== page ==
Training for Life

There are people who are sent to India by the newspaper that employs them, and people like me, who are dispatched to exotic sites like West Kiryat Haim.

In my next incarnation (and there's nothing wrong with believing in reincarnation when one is about to embark on a trip to India) I want to be - if not a great explorer like Marco Polo, or someone who discovers continents - then at least a travel writer like Moshe Gilad, who writes for this newspaper. With all due respect to Immanuel Kant, who never left his home in Konigsberg, but nonetheless spurred philosophy students, at least, to view the world beyond in an entirely different light, by means of categories of time and space - I realized long ago that even internal journeys into awareness are easier for me when there is plenty of action outside.

Travel logs, when well written, are far more satisfying than the investigatory, logical-philosophical notations of Kant and his friends. Maybe because, as Socrates wrote generations before Kant, philosophy is training for death. Travel books, on the other hand, are training for life.

Obsessive types like myself, who visit Internet travel forums once every two hours (to seek a definitive answer to the question of whether one must purchase Polar fleece garments or can rely on an old wool sweater from home), are destined for constant disappointment while reading "travel journals." Though there is no denying that most trekkers find their trips "cool," "magical" and even "lots of laughs," it is hard to discern any real reflection of the India experience in their notes - about the philosophy, the people, the flavors, the aromas - or an answer to the question posed by my beloved friend, Nira Rousso, "Where does this leave me on Shabbat?"

The local press does have some decent travel writers (who earn money for writing up trips abroad, making me green with envy). In addition to Moshik, Yonatan Geffen on America, Yair Garbuz on Paris and Danny Kerman on England come to mind. But few travel writers are as good as Mark Twain ("The Innocents Abroad") or the late Israeli journalist Azriel Carlebach, who helped found Maariv.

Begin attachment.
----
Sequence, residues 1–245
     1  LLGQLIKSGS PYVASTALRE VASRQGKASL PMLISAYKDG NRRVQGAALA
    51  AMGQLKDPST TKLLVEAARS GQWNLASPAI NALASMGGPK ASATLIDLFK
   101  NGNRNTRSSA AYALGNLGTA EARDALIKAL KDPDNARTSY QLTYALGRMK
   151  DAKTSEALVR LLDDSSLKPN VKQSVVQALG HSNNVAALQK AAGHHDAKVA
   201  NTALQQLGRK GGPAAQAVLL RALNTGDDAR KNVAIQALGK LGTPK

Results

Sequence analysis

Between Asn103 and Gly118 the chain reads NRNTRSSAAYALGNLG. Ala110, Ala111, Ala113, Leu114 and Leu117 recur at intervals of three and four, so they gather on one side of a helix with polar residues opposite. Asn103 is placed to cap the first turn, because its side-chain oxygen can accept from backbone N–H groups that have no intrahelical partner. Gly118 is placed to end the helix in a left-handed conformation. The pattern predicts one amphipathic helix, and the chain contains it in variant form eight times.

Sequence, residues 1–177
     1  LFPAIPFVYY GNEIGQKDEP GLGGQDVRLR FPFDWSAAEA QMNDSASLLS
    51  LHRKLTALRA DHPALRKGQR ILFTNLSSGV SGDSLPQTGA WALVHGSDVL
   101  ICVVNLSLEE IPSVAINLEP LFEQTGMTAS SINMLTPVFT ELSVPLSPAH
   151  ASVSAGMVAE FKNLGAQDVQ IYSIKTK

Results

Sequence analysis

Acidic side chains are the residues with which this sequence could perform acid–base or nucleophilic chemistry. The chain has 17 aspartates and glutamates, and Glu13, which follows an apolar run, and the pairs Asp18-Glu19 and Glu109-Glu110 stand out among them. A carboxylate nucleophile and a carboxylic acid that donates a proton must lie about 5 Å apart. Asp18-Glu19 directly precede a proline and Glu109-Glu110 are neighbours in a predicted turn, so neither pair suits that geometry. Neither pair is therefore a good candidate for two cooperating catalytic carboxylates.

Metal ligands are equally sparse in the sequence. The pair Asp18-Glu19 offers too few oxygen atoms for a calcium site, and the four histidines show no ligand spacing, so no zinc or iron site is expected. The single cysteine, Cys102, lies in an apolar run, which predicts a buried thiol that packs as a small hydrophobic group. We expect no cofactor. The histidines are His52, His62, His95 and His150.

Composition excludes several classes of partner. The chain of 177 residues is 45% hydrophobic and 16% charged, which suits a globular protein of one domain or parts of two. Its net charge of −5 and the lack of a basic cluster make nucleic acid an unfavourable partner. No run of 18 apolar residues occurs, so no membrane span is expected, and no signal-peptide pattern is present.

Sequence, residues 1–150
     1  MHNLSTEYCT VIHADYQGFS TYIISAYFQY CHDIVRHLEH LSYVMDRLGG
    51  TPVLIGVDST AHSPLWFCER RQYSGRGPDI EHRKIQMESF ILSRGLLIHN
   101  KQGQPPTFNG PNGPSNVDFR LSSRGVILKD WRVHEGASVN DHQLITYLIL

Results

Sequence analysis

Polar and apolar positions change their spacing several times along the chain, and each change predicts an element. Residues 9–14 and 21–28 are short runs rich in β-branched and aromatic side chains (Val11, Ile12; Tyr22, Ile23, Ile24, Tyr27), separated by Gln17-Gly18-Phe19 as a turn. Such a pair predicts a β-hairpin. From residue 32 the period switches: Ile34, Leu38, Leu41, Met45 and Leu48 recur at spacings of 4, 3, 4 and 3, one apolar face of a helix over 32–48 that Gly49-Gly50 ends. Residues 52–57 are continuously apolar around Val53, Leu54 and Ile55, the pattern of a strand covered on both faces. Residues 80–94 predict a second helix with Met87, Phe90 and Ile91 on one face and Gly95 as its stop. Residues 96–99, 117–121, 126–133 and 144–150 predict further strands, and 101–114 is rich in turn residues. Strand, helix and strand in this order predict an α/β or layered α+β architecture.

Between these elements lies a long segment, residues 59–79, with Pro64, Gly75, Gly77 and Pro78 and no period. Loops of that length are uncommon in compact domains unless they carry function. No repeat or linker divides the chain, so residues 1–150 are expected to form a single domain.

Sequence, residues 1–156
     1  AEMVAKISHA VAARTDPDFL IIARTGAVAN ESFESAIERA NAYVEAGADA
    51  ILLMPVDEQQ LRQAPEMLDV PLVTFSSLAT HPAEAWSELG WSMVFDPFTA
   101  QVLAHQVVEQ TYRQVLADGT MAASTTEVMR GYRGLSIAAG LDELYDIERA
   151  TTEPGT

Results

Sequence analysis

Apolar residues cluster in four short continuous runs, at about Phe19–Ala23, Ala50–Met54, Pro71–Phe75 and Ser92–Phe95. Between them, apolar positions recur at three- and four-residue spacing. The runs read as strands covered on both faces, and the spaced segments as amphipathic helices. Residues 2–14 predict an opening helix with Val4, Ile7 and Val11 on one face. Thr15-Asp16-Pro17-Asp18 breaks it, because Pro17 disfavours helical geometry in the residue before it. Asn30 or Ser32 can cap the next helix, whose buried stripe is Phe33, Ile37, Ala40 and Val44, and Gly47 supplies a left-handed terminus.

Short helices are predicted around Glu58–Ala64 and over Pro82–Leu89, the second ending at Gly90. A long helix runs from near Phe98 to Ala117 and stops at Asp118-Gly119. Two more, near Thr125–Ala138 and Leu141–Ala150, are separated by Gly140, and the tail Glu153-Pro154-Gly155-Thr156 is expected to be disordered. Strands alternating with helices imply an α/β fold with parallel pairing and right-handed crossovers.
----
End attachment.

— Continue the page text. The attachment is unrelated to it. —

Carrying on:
"You must read Carlebach's 'India: Account of a Voyage.' It is simply extraordinary. It is absolutely impossible to describe what a great writer he was," a friend told me two years ago. But India was then far beyond my reach and I ignored his advice.

A week before my trip, I read it. Somehow, it happened that I read the book during a little jaunt that I organized for myself on behalf of the newspaper. There are people who are sent on extended trips to India by the newspaper that employs them, and people like me, who are dispatched by their employers to exotic sites like West Kiryat Haim. But I am not bitter. I also profited from the fact that Carlebach traveled to India rather than the greater Haifa Bay area. It is ultimately hard for me to believe that even if he were to combine a visit to Kiryat Haim with intensive tours of Kiryat Bialik, Kiryat Yam, Kiryat Eliezer, Kiryat Ata and Kiryat Motzkin, he would produce a book as wonderful as "India: Account of a Voyage."

This is a book that includes everything which is lacking in online travel logs, because its power rests in its ability to transform personal experience into general information that is relevant to the reader, regardless of the period in which it was written. Since its writing in 1955, the Indian population has tripled, and they no longer burn widows. (Though widows and women, in general, certainly tend to commit suicide there. Women's rights, in India, are in a very poor state.) I would like to believe that sanitary conditions have greatly improved since then - as have pest-control methods. And India is no longer a subcontinent that is unfamiliar to Israelis.

Despite that, Carlebach successfully captured everything that is eternal in India, the spirit. And we have yet to say a word about his magnificent Hebrew, which includes many dimensions that hint at the cultural wealth of a genius and man of letters, in the religious meaning of those terms in the earliest phase of his life, in his adulthood, and until the untimely end of his life, at age 48, when those terms had secular significance.

Where are such journalists now, who, in the dead of night and not coincidentally, lead an entire editorial board behind them to establish a brave, new newspaper? It is easy to comprehend why thousands of readers who never met Carlebach attended his funeral, choking traffic on Allenby Street. And where are there readers like that? It is hard for me to believe that any editor would now print a text like that written by Carlebach in the weekend supplement of any newspaper.

But if there were someone capable of writing like that, there would be readers who would read it, not only the elders of Ramot Hashavim - but perhaps in Tel Aviv and even in Kiryat Haim.